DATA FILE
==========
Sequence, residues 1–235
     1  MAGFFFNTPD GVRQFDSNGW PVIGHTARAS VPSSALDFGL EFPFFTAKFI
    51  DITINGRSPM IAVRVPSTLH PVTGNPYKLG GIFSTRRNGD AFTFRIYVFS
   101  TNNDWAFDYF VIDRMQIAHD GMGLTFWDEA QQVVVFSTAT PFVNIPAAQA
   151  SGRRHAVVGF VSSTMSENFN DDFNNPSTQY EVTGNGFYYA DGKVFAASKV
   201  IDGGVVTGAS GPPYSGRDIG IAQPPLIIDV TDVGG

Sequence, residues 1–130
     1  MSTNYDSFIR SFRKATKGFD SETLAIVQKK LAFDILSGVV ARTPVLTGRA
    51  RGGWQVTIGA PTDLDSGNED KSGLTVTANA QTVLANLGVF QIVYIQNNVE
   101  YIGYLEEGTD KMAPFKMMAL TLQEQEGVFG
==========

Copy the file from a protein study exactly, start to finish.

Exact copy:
Sequence, residues 1–235
     1  MAGFFFNTPD GVRQFDSNGW PVIGHTARAS VPSSALDFGL EFPFFTAKFI
    51  DITINGRSPM IAVRVPSTLH PVTGNPYKLG GIFSTRRNGD AFTFRIYVFS
   101  TNNDWAFDYF VIDRMQIAHD GMGLTFWDEA QQVVVFSTAT PFVNIPAAQA
   151  SGRRHAVVGF VSSTMSENFN DDFNNPSTQY EVTGNGFYYA DGKVFAASKV
   201  IDGGVVTGAS GPPYSGRDIG IAQPPLIIDV TDVGG

Sequence, residues 1–130
     1  MSTNYDSFIR SFRKATKGFD SETLAIVQKK LAFDILSGVV ARTPVLTGRA
    51  RGGWQVTIGA PTDLDSGNED KSGLTVTANA QTVLANLGVF QIVYIQNNVE
   101  YIGYLEEGTD KMAPFKMMAL TLQEQEGVFG